Michael Pascoe: Australia’s great migration wages experiment is under way
Australia has unintentionally embarked on a great economic experiment over the thorny question of whether migration lowers wages.
Counter to the usual posturing of the anti-immigration lobby, the economic literature generally suggests immigration increases wages overall, but not necessarily for the lowest-paid groups.
With immigration effectively halted, Australia will be labour market economists’ petri dish – a chance for real-time experience to sort out the veracity of torturing of historical data.
But that’s only if the government allows the experiment to run.
For example, the well-publicised shortage of fruit and vegetable pickers should have sent agricultural wages soaring. It hasn’t.
Instead, COVID exceptions are being made, South Australia importing 1200 Pacific Islanders who will work for existing wages.
That is part of the dark underbelly of the Australian economy, the former land of the fair go – the jobs we collectively want done cheaply so we can enjoy cheap stuff and rich profits but are not prepared to do ourselves.
You can hear it now from people forced to holiday at home instead of Bali. “Holidays are so expensive in Australia for what you get” – that’s the difference paying more than subsistence wages makes.
It’s the baseline of the gig economy, the food delivery riders pedalling into the night, lucky if they nearly make the minimum wage, not even afforded basic safety gear.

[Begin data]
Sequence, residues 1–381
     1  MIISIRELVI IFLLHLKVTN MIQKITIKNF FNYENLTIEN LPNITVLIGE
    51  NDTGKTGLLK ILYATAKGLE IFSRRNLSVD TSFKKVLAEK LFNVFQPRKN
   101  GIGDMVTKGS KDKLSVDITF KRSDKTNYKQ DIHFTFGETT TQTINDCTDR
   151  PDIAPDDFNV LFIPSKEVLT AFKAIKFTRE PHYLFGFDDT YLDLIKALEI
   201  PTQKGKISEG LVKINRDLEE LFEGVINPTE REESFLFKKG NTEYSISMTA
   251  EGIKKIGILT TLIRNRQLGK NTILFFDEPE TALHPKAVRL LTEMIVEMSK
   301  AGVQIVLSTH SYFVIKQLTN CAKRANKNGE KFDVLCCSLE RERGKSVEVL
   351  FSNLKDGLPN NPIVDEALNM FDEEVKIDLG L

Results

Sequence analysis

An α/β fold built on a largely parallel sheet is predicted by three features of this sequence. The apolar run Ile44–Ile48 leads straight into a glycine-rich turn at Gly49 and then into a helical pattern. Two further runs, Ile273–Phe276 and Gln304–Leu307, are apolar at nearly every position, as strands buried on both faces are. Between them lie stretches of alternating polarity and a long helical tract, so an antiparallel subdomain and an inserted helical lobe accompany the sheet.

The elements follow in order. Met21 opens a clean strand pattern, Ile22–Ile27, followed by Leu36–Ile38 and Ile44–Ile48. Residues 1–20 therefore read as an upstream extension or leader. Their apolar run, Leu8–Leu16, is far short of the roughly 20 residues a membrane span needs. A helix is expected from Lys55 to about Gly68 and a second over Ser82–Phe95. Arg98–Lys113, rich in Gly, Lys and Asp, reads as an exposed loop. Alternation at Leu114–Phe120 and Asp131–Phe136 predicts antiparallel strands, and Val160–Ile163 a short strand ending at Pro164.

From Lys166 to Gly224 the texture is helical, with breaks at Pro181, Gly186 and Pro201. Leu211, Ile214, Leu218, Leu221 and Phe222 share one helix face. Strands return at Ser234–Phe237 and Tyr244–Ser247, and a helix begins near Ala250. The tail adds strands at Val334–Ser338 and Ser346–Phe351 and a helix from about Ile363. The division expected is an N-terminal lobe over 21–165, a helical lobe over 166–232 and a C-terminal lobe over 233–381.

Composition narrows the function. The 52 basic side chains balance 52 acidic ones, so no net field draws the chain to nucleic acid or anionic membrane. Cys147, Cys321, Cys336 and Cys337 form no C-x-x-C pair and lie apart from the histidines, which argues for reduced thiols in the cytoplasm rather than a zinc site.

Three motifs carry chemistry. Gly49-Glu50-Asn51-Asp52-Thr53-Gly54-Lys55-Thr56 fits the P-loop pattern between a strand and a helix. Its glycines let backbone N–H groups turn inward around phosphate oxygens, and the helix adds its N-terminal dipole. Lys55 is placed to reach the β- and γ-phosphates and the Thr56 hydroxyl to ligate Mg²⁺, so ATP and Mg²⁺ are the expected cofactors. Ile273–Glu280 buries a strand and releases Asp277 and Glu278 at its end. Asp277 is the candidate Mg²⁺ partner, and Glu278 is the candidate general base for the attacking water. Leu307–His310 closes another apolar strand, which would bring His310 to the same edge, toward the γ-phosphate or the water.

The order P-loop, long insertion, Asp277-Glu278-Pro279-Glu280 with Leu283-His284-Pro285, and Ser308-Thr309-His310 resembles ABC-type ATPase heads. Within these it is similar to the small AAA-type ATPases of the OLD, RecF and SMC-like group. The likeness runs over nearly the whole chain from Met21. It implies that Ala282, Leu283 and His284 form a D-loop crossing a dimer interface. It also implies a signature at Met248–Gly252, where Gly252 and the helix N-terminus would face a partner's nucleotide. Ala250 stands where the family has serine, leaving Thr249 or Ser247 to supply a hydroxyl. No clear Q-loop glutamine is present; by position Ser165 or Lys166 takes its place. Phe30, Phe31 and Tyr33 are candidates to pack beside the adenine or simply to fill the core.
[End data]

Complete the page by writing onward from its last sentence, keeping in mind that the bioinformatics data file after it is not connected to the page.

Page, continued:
That’s the end of the market where a careless – or intentionally designed migration system – can suppress wages.
The experiment now under way is what happens further up the chain in middle- and higher-level jobs.
An intelligent migration program for a country with Australia’s massive potential should not be just a matter of adding extra demand by increasing the headcount.
A program favouring a cohort that is younger, better qualified, more entrepreneurial and more ambitious than the native population should result in one plus one equalling more than two.
A well-administered skills program, filling gaps that would otherwise prevent broader employment growth, should contribute to greater demand for labour overall and, therefore, wages.
Well, that’s the theory – at least until you run into the wall of broader wages suppression policy.
As reported last week, specialist recruiter Robert Half expects employers will have to offer more money this year to entice workers to leave existing jobs, the “stability premium”.
With tech and finance employers unable to turn on the migration tap to fill roles in parts of the economy recovering strongly from the pandemic slow down, the evidence will be in over the next year or so as to just how dogged is capital’s real wages strike.
I don’t hold an economic model, mate, but I wouldn’t bet on wages growth breaking out. And nobody will be able to blame migration.
The task for labour market economists will be sorting the impact of government wages policy, weak population growth, restricted skilled migration and the entrenched management culture of the past half dozen years or so.
The industrial relations warriors of the 1970s and ’80s wouldn’t believe how successful capital has become in grabbing an ever-greater slice of the pie.